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This One Change Makes the New MacBook Air a Must-Have

by Elizabeth Harper on March 04, 2024

The newest MacBook Air looks a lot like the previous generation model, with one big difference: it's upgraded to Apple's top-of-the-line M3 chip. If you're still running on an older Intel-based MacBook Air (like I am), the M3 chip is 13x faster, and if you're on a more recent M1 chip, the M3 chip is 60% faster. In either of those cases, the MacBook Air M3 is a sizable performance upgrade that you'll certainly notice – particularly if you use your Mac for high-end tasks like photo or video editing.

The MacBook Air M3 15 shown in 13-inch and 15-inch sizes

The M3 chip itself isn't new: it was rolled out with the latest MacBook Pro models last year. But at prices that start at $500 higher than the Air, the MacBook Pro is a hard sell for the average buyer. The new MacBook Air M3 13" starts at $1,099, and the MacBook Air M3 15" starts at $1,299. (Comparably, the MacBook Pro M3 14" starts at $1,599.) The Pro models still have a brighter, higher resolution screen and a few other bells and whistles. However, now that they've been upgraded to M3 processors, the performance difference between the two machines is minor – and the average user certainly won't feel they're lacking by buying the slimmer MacBook Air models over the MacBook Pro.

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However, the latest MacBook Airs aren't a quantum leap ahead of the last generation MacBook Air M2. The appearance of the machine hasn't changed, and other than the chip upgrade, changes are minor. The systems are the same size and weight (2.7 pounds), with the same battery life (up to 18 hours), the same memory options (from 8GB to 24GB), and the same storage options (from 256GB to 2TB). And while Apple is lauding the laptop's AI-friendly features, the MacBook Air M3 isn't particularly different from other Apple silicon chips, which have had a Neural Engine for machine learning since the first M1 models.

Still, the M3 models have a couple of nice upgrades. The MacBook Air M3 will offer dual monitor support, which hasn't been available in laptops with the baseline M1, M2, and M3 chips to date. This has an odd lack, and anyone who wants their MacBook to fill in for a desktop, powering two monitors, will appreciate this feature. (Which is reportedly coming to the MacBook Pro M3 in a future update.) The latest model also supports WiFi 6e, which will improve WiFi speed if you have a recent-generation router or will futureproof your Mac if you don't.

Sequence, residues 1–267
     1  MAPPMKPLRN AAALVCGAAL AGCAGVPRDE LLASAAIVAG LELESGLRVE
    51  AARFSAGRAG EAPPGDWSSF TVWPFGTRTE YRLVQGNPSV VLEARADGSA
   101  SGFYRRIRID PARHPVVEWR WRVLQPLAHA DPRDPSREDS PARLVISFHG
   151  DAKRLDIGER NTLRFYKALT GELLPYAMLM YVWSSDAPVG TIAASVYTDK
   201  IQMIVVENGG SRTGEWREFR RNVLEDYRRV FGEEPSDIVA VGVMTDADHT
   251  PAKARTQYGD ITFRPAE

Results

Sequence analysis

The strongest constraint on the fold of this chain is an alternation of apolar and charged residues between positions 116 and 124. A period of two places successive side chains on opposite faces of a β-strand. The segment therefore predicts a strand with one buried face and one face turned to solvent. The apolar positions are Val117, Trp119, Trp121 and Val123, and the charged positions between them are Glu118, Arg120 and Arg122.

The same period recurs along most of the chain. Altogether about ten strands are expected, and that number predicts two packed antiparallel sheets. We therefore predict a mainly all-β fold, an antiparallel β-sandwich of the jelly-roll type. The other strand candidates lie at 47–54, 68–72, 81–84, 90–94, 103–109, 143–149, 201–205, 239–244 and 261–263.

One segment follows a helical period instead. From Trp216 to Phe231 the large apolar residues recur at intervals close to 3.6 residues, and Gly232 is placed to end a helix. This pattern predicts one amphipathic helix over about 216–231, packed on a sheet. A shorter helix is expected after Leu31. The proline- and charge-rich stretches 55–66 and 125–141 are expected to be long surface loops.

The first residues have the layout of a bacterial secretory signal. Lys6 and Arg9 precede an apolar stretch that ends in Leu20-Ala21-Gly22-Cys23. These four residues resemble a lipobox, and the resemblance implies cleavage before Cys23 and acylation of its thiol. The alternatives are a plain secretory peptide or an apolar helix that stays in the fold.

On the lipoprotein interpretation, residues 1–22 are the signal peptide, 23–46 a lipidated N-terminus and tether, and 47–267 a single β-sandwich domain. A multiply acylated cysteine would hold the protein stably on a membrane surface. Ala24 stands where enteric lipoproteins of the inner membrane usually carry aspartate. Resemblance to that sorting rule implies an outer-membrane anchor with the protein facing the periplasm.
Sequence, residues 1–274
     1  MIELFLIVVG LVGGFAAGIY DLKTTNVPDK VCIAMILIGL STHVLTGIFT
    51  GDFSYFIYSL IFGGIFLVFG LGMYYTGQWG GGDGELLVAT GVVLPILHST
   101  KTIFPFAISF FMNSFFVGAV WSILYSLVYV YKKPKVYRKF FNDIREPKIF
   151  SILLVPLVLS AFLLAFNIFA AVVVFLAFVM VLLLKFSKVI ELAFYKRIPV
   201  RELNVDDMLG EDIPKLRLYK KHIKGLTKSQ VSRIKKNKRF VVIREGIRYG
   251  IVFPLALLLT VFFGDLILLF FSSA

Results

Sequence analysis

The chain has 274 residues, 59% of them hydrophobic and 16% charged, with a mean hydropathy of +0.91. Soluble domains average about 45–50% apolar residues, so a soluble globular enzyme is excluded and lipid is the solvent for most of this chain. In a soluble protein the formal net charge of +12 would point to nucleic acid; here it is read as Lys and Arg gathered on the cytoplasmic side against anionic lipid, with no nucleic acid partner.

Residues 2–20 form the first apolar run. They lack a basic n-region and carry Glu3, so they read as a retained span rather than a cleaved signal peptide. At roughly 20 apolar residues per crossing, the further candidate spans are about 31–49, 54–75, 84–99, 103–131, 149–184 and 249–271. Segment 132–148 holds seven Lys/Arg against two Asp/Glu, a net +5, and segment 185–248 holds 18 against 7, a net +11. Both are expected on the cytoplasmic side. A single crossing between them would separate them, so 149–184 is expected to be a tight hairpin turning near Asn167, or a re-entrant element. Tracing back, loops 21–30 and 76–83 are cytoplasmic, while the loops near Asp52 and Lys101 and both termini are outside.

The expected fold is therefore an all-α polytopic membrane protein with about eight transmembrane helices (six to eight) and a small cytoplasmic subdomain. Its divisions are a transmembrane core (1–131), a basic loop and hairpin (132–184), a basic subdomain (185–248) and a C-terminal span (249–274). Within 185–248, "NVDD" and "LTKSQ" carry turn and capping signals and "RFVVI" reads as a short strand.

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So, is the MacBook Air M3 worth buying? We give it a resounding "maybe." If you have a relatively recent MacBook, like the M2 Air, the M3 offers more speed but very little else. But if you have an older MacBook and are looking to upgrade, the MacBook Air M3 offers solid performance that's more than enough for everyday tasks — and, for most people, just as good as the more expensive MacBook Pro.

But if you're in the market for a new laptop, you might still consider the MacBook Air M2. Apple cut the price of the last-gen Air by $100, pricing the system at $999. While this isn't a big price difference, we're already seeing third-party retailers offering deeper discounts on the M2 – Best Buy is already offering the 15" MacBook Air M2 for $1,099, or $200 off. The MacBook Air M2 is still a very solid laptop that will last most users for years, and cutting a few hundred off its price makes it an appealing offer.

If you're ready to upgrade to the MacBook Air M3, it's available for pre-order now from Apple and will start shipping on March 8.

[Image credit: Apple]

Elizabeth Harper is a writer and editor with more than a decade of experience covering consumer technology and entertainment. In addition to writing for Techlicious, she's Editorial Director of Blizzard Watch and is published on sites all over the web, including Time, CBS, Engadget, The Daily Dot and DealNews.


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